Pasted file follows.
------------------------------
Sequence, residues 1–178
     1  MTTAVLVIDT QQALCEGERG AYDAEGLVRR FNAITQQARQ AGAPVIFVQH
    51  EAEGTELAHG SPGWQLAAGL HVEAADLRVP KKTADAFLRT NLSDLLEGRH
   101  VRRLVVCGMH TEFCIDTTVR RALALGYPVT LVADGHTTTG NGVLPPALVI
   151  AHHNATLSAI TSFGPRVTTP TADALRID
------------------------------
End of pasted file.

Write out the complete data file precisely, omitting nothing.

Sequence, residues 1–178
     1  MTTAVLVIDT QQALCEGERG AYDAEGLVRR FNAITQQARQ AGAPVIFVQH
    51  EAEGTELAHG SPGWQLAAGL HVEAADLRVP KKTADAFLRT NLSDLLEGRH
   101  VRRLVVCGMH TEFCIDTTVR RALALGYPVT LVADGHTTTG NGVLPPALVI
   151  AHHNATLSAI TSFGPRVTTP TADALRID